14 December 2009

The rise and rise of Amazon: prepare for the battle

In the past few days several US publishers have announced they will be delaying the release of e-book versions of major releases. So what does Amazon do? Well, instead of selling for the already loss-leading price of US$9.99, let's take it even lower to $7.99!!! Let's show the publishers exactly who is in charge of this ebook market. Let's offer Under the Dome by Stephen King and Going Rogue by Sarah Palin for $7.99. The hardcover for the latter is listed on Amazon as US$28.99 slashed 50% to US$14.50. Slash it by half again if you want the ebook. Bestsellers are being slashed - Stephenie Meyer's first two Twilight books for US$4.25, Stieg Larsson's The Girl Who Played with Fire at US$7.99. Slash Slash and Slash again.

What happens next? Well surprise surprise, Barnes and Noble cut their ebook prices to match. I'm now waiting to see what Sony does. They've already admitted the US$9.99 price is NOT PROFITABLE. You can read the full article here. Yet I'm taking bets as to when they'll slash their prices! Any takers?

But back to the giant that is Amazon. I know some publishers are trying to wrestle control away from them so they can control their own ebook destinies. Can't everyone see these price points are DEVALUING the product and the whole reading experience? And what about profitability folks? It's already fragile in the bookselling and publishing industry.

It's no use discussing what percentage Amazon, Sony, Scribd etc take on ebook sales. We already know Amazon is using their pricing strategies to make the Kindle the ereader of choice, to build market share and customer loyalty. Sony has pretty much admited the same. They invest in the technology, they need people to buy it.

While publishers benefit from the lower ebook prices in the short term (through higher sales), according to Mike Shatzkin they "don't trust Amazon to keep things that way. From their perspective, Amazon is building a consumer expectation of an under-$10 price point while they are building up their audience of captive Kindle consumers. How long can it be, publishers figure, before Amazon says 'sorry, now you have to sell me these for under ten dollars?'" Mike also shared his thoughts on the possible war over the issue, including publishers not supplying or selling e-books through Amazon, Amazon suppressing the sale of their printed books, and more.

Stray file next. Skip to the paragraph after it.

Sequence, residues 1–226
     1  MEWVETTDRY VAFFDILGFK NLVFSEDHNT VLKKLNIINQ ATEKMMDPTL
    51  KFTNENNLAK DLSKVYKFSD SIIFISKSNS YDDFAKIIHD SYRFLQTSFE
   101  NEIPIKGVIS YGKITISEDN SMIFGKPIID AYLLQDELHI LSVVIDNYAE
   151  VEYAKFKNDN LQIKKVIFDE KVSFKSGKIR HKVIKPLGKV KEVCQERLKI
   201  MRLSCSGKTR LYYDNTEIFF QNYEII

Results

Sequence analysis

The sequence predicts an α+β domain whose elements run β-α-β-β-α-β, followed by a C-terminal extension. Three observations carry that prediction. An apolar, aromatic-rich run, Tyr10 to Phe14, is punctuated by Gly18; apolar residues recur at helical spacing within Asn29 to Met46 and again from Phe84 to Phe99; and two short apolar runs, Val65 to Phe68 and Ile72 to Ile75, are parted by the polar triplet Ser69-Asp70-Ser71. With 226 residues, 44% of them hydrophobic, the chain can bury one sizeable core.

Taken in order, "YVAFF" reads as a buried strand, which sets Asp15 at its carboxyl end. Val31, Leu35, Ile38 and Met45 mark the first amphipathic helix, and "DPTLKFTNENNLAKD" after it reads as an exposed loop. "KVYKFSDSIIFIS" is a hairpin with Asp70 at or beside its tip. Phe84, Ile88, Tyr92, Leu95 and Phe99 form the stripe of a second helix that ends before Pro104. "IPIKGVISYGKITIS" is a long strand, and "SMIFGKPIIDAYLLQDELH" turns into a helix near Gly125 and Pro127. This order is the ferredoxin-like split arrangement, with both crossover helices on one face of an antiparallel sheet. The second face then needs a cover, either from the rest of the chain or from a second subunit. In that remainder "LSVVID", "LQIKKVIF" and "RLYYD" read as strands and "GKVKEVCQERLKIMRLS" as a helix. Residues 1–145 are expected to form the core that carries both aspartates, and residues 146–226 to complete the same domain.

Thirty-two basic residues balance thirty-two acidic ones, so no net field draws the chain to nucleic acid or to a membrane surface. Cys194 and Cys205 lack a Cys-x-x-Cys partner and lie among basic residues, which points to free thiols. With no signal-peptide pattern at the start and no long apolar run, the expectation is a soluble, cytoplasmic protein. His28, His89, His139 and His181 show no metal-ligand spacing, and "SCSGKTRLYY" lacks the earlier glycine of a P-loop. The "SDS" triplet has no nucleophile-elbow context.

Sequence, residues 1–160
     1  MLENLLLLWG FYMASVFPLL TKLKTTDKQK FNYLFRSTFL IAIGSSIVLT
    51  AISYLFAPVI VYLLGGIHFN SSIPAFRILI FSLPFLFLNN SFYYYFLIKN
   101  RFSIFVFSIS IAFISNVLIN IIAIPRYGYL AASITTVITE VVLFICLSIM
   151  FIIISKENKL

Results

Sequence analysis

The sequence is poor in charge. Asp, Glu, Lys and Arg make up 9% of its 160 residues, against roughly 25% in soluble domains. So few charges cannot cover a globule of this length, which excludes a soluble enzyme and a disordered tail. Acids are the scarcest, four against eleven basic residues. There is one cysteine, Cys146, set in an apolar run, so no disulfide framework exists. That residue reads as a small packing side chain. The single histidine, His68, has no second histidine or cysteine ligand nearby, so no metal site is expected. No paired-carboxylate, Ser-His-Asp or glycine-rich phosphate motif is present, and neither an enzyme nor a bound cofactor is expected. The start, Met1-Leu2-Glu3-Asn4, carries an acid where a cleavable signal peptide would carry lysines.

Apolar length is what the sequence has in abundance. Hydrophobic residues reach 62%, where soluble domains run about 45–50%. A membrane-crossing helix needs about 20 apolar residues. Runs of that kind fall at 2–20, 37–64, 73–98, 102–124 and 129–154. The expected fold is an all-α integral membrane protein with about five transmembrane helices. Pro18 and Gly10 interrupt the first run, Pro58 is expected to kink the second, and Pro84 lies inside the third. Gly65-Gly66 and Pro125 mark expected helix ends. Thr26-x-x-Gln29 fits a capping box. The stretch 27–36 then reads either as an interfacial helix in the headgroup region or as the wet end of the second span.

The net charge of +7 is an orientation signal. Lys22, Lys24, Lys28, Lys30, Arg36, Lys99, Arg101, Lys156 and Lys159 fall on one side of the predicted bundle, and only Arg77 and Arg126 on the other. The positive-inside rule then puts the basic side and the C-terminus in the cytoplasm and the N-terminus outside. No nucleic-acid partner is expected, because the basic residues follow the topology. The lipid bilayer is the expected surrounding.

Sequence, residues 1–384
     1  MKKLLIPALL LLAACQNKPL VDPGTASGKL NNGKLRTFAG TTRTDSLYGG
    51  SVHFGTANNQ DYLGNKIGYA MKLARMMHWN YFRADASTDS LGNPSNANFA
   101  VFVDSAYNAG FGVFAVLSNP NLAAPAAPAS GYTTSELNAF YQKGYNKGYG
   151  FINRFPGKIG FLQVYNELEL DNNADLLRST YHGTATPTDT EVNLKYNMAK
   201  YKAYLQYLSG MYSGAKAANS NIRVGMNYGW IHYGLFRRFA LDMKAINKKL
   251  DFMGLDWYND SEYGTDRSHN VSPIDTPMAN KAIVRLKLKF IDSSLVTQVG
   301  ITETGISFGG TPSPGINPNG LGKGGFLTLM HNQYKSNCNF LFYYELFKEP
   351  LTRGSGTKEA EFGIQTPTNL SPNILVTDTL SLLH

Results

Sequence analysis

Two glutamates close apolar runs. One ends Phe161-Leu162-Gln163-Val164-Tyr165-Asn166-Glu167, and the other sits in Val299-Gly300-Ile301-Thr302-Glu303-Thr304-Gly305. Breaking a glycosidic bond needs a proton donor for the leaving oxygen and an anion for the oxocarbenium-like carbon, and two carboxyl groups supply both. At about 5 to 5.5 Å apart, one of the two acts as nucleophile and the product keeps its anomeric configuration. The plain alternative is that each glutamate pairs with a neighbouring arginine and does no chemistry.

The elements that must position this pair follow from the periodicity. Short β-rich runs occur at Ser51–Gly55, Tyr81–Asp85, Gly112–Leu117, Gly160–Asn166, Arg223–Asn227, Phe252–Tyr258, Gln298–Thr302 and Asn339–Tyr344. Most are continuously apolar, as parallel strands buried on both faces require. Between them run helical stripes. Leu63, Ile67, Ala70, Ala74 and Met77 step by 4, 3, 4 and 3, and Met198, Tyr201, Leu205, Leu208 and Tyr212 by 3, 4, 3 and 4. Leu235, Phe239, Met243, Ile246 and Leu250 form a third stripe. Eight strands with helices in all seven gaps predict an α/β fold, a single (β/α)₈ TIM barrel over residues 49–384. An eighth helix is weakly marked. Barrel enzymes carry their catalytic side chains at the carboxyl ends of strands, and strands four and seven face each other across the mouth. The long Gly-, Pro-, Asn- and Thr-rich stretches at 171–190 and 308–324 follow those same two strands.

So when and where will the battle lines be drawn? It's a'comin, folks. Wait and see...

10 December 2009

The Apple iTablet: should we believe the media?

It's been coming for years (apparently!) but according to today's Sydney Morning Herald, Apple is preparing to launch a tablet personal computer in late March or April 2010. It will be their launch into the digital book market which is controlled by Amazon's Kindle at present. The article said "Apple declined to comment". Is anyone surprised by that? Has anyone from Apple ever confirmed there is a tablet coming?! I'd have to dig around the web to find out the answer to that one....

, according to the "analyst" the tablet will have a 10.1-inch multi-touch LCD screen similar to that of Apple's iPhone. The books will sold on a non-exclusive basis and it seems they've requested only a 30% discount from the publishers as opposed to Amazon's 50% (which is pretty much the ballpark for the ebook vendors).

Interestingly, the SMH article didn't mention price. It was the cnet news that mentioned the $1000 price tag. (I'm assuming US dollars) OK, if it does lots of whizz bang things, including a fabulous experience with ebooks, would we be happy carrying around a device at that price tag day in, day out....?